Has New York Put Women Up for Sale?

Taina Bien-Aimé
Sep 10, 2020 · 5 min read

Why New Yorkers should care about the legalization of commercial surrogacy.

Illustration of a pregnant woman wearing a shirt that says “For Rent” juxtaposed against the NYC skyline.

“…You can take my blood

But not my soul.”

– “At the Purchaser’s Option,” Rhiannon Giddens

Ukraine, the poorest country in Europe, is one of the only nations on that continent that allows reproductive commercial surrogacy. It hosts over fifty reproductive clinics and surrogacy agencies, some with dubious reputations, matching impoverished Ukrainian women, desperate to sell their eggs and uteri, to affluent foreigners.

The COVID-19 pandemic is shining a light on the horrors of commercial surrogacy. With closed borders, Ukrainian officials predict that women will give birth to up to a thousand babies who will linger in hotels and hospitals, alone and stateless, until travel restrictions lift. The birth mothers are forbidden to nurse them, cradle them or temporarily take them home. Babies born with medical issues are often abandoned.

As these alarm bells rang across the Atlantic, Governor Andrew Cuomo, in the late hours of April 2, legalized commercial surrogacy in New York, sidestepping legislative processes that controversial bills require. The provision was buried in a 400-page budget bill as his shell-shocked state, then the global epicenter of COVID-19, awaited immediate relief.

A shocking decision given reports of deaths of surrogate mothers, like Michelle Reaves, and the perturbing increase of maternal mortality, especially of Black women, in New York.

Reproductive surrogacy is a procedure whereby a woman carries a pregnancy for people who can’t or won’t conceive but want genetically related offspring.

Altruistic surrogacy, already legal in New York, allows an acquaintance or family member to carry a pregnancy for them. The money exchanged covers the woman’s medical costs or lost income through a private arrangement between the parties.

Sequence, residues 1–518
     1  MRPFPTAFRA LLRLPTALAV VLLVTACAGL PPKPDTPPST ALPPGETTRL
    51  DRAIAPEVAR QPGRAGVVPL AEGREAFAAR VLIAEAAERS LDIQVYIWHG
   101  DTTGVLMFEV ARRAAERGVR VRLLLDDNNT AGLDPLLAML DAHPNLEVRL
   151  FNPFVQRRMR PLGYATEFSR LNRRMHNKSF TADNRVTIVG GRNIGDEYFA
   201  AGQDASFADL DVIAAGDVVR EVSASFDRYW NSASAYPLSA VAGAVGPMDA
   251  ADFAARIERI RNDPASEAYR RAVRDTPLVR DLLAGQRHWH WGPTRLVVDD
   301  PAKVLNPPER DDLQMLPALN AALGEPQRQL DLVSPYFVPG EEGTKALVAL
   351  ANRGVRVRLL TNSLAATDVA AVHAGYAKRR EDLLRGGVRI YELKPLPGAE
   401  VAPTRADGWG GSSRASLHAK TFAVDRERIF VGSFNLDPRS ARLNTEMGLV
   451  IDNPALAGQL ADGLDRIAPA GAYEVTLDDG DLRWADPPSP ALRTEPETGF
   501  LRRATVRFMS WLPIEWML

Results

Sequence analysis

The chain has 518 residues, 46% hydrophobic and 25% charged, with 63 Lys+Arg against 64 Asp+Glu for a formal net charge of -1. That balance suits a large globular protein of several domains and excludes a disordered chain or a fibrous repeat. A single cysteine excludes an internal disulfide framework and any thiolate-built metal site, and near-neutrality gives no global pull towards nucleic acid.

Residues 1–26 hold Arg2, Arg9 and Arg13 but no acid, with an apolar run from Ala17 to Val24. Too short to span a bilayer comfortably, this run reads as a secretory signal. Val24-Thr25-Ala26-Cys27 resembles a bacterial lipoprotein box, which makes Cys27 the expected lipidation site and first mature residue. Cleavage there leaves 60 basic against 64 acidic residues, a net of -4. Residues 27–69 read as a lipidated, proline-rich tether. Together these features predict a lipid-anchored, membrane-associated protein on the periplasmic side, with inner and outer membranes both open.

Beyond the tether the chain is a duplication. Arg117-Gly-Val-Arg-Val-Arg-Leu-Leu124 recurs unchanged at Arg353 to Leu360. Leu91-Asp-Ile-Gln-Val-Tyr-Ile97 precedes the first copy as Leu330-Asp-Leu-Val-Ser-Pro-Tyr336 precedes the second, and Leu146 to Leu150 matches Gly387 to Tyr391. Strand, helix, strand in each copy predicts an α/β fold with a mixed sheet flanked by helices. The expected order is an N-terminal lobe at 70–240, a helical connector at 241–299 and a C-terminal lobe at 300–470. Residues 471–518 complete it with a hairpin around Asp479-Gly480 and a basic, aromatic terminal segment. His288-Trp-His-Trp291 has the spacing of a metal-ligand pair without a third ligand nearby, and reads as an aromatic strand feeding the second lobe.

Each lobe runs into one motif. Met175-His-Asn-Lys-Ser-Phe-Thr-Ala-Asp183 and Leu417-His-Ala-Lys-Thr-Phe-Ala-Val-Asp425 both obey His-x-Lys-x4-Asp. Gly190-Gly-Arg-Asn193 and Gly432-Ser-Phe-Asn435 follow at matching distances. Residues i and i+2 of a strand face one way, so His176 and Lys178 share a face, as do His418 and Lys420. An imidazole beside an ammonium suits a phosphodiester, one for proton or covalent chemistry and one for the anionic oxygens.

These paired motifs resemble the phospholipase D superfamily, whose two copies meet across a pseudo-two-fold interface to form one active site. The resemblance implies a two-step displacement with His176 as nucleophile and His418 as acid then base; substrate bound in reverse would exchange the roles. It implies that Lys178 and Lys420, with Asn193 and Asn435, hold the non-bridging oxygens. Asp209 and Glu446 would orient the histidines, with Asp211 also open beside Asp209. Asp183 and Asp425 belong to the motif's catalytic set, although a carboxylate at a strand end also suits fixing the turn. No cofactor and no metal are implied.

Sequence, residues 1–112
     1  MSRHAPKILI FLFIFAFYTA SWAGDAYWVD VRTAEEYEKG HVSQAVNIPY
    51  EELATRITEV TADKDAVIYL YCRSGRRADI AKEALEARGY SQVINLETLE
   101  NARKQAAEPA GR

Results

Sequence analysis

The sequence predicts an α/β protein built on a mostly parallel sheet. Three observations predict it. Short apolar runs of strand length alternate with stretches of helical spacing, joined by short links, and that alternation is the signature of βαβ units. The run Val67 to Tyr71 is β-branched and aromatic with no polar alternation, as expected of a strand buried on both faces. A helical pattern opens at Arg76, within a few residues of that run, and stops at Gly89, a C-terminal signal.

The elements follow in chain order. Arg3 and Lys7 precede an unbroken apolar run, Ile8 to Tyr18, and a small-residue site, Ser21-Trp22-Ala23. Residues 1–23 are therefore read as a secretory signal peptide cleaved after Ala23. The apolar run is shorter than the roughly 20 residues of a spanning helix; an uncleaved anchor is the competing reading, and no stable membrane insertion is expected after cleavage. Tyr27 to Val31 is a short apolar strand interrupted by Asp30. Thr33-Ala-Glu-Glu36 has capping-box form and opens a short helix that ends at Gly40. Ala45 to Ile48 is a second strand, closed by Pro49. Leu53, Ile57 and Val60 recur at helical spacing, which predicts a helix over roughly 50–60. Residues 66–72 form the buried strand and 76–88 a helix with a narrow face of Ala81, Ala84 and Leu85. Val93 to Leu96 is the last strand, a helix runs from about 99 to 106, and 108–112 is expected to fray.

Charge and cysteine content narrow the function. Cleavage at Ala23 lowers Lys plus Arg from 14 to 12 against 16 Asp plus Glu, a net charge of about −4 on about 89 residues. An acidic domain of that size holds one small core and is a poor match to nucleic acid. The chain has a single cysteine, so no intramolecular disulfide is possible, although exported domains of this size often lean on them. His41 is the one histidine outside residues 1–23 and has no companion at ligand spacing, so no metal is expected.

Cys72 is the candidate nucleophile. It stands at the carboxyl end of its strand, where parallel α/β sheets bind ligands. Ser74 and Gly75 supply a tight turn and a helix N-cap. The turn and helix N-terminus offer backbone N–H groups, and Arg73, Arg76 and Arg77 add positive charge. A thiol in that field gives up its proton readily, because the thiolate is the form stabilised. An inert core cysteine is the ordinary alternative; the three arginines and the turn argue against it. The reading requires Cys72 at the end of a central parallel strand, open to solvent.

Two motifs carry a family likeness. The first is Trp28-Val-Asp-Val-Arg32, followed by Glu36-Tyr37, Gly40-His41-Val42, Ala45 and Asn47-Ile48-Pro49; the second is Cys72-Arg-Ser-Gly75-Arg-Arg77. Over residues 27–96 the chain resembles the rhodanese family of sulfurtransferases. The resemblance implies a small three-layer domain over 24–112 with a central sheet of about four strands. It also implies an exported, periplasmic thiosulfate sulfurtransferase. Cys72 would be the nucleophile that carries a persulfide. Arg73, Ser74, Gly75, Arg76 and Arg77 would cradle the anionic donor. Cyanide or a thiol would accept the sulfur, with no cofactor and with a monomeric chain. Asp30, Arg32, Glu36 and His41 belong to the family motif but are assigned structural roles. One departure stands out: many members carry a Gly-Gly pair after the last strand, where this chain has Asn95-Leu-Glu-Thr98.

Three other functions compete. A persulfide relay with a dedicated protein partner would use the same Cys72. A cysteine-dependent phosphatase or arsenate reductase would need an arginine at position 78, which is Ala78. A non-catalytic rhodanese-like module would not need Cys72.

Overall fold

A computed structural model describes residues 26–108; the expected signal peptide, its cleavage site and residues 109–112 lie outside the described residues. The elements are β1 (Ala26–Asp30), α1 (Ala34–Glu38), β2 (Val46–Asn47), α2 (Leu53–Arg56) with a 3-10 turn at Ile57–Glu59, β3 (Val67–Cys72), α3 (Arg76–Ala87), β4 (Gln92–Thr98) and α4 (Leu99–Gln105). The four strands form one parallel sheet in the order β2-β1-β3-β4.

The commercialization of reproductive surrogacy, which Cuomo’s law sanctions, adds into the mix predatory businesses vested in finding “wombs for hire.” Not just any wombs, but those of women so destitute or socio-economically vulnerable that companies match them to buyers who can spare at least $100,000 for the process. The typical fee offered to the surrogate mother is $30,000.

The U.S.’s history of selling human beings offers a somber backdrop to commercial surrogacy. Black women were of distinct worth on the auction block, offering acute value to the institutions of slavery and medicine, fueling property wealth, research and economic growth. In the early to mid-1700s, a slave market operated where Wall Street now stands. Cuomo’s commercial surrogacy law is reminiscent of that dark legacy.

Suffering from infertility can be a personal tragedy. Without diminishing empathy for the visceral yearning to bear a child, however, creating a legal right to purchase or rent human organs is reprehensible. The state prohibits the sale of kidneys or parts of one’s liver, so why are women’s reproductive organs an exception?

Cuomo’s father wondered as well. In 1988, Governor Mario Cuomo concluded that public policy must prohibit this commodification of women’s bodies and the children they bear as a violation of dignity. His son, tragically, rejected this human rights-based understanding.

Three points consistently emerge when I speak to women who have braved commercial surrogacy.

First, is their desperate need for money: to feed their children, to pay bills, to survive. Second, is their tender willingness to offer the “gift of life.” What better way, they assume, than to receive some much-needed money in the process? Third, is a vow to ensure no other woman endures the ordeal they regret.